Three Professors Walk Into A Bar

Three Professors Walk Into a Bar is a podcast series intended to facilitate meaningful conversation around complex global issues. Each week, professors will explore different topics, challenges, and consequences of the global issue and attempt to grapple with some of the complexity. Scroll down to catch up on everything our professors have to say!


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Episode 6 Humanity and Climate Change Cover 2

What can the humanities teach us about our approach to the complex issue of climate change? How do disciplines such as literature, film, and poetry help us respond to it? Three professors from the Departments of Film and Media Studies, English, and Spanish and Portuguese discuss the power of the humanities to emphasize the human aspect of environmental change. They explain how media can elicit emotional connections to a problem that is often approached from a scientific angle. Take a listen to understand more about how the environment is represented in different forms of media and how the humanities can help us reckon with this new age.

Karen Shaup

Assistant Teaching Professor, Department of English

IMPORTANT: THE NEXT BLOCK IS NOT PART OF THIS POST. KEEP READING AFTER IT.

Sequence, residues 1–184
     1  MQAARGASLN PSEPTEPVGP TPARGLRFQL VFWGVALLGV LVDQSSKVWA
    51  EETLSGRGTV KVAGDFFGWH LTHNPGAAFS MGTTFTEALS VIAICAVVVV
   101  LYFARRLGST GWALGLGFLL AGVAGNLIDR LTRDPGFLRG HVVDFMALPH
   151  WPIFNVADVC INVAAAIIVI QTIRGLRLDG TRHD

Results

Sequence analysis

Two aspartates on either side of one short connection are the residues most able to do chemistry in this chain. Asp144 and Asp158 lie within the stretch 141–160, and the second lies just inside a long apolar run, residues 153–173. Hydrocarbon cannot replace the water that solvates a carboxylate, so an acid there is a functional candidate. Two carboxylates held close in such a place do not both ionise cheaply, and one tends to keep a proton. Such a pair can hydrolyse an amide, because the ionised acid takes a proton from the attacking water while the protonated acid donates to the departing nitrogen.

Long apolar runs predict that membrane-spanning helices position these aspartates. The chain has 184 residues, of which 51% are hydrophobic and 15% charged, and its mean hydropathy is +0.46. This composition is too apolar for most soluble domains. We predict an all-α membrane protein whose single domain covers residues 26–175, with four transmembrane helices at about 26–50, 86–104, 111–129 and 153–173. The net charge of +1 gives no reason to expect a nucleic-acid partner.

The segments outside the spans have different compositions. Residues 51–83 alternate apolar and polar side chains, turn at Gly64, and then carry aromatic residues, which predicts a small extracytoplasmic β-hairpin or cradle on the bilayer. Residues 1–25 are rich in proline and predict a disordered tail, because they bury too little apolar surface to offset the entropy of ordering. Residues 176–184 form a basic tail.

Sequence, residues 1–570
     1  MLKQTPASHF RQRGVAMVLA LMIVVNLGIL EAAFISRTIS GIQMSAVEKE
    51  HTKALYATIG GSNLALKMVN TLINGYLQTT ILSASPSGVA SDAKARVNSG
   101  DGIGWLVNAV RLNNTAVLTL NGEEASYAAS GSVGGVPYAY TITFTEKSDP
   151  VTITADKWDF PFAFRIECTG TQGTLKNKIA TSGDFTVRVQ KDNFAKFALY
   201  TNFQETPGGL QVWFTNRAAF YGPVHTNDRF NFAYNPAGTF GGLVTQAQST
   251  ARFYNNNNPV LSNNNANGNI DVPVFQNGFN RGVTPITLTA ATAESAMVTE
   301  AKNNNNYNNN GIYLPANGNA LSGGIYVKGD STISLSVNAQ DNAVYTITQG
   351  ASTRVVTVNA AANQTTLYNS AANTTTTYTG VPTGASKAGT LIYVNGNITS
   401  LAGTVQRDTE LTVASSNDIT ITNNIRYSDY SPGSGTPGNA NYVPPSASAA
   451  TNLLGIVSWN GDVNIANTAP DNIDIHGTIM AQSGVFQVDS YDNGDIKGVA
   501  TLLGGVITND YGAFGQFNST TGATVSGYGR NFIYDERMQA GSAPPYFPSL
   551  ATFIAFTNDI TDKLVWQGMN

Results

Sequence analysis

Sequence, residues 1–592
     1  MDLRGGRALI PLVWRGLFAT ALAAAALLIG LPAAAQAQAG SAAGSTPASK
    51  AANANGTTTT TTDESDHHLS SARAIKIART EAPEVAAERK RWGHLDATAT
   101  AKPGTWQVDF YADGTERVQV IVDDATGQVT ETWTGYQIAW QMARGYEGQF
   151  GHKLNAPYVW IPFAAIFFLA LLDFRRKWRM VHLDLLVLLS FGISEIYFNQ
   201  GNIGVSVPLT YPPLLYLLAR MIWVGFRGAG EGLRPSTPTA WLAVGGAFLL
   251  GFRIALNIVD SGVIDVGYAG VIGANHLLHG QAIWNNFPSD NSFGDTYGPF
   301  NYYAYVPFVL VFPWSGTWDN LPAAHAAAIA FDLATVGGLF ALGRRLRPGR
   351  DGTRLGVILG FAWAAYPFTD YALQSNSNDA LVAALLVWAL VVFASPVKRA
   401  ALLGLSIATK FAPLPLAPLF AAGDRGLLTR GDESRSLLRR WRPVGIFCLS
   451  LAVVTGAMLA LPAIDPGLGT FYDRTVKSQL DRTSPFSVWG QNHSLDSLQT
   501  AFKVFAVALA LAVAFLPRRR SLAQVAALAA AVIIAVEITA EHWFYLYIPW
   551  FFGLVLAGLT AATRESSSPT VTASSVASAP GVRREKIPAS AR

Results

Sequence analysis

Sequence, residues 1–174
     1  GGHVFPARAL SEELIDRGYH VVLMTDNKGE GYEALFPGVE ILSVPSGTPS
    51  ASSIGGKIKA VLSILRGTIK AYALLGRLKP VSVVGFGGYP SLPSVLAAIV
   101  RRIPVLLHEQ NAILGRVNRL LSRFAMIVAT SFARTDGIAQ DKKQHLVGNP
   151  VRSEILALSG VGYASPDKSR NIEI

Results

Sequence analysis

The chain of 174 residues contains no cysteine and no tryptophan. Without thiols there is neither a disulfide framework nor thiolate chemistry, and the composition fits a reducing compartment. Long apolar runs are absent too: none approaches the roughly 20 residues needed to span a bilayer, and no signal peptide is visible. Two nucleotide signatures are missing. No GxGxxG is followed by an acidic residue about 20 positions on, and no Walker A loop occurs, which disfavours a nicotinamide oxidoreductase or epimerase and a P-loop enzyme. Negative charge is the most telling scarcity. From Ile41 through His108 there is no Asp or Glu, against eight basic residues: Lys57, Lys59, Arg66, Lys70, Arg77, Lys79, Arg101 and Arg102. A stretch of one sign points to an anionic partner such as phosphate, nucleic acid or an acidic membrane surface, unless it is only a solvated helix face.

Karen Shaup is an Assistant Professor of Teaching in the English Department at Georgetown University. She teaches first-year writing and works on assessment and research projects with the Writing Team. She received her PhD from the University of Oregon.  Recently, she published an article on Katherine Mansfield’s short story “The Garden Party” and the aesthetics of consumerism. She is interested in the digital humanities and composition pedagogy, and is currently working on a YouTube ethnography of online bird watching communities. 

Patricia Vieira

Associate Professor, Department of Spanish and Portuguese

Patrícia I. Vieira is Associate Professor in the Department of Spanish and Portuguese. Her research focuses on Portuguese and Brazilian Literature and Cinema, Comparative Literature, Post-Colonial Studies and Ecocriticism. Her books include States of Grace: Utopia in Brazilian Culture and Portuguese Cinema 1930-1960: The Staging of the New State Regime. She has co-edited Portuguese Literature and the Environment, and The Language of Plants: Science, Philosophy, Literature. She is currently working on a book project that examines ecocritical approaches to texts and cinema on the Amazon rainforest. She is also co-editing a volume titled ”The Mind of Plants.”

Bernie Cook

Associate Dean, Georgetown College & Founding Director, Film and Media Studies Program

Dr. Bernie Cook (C’90, G’91) is Associate Dean in Georgetown College and Founding Director of the Film and Media Studies Program at Georgetown University.  He is the author of Flood of Images: Media, Memory and Hurricane Katrina (University of Texas Press, 2015) and editor of Thelma & Louise Live! The Cultural Afterlife of an American Film (University of Texas Press, 2007).  He is currently in production on a documentary film exploring the stories of the living descendants of the 272 enslaved people sold by the Jesuits in 1838. 

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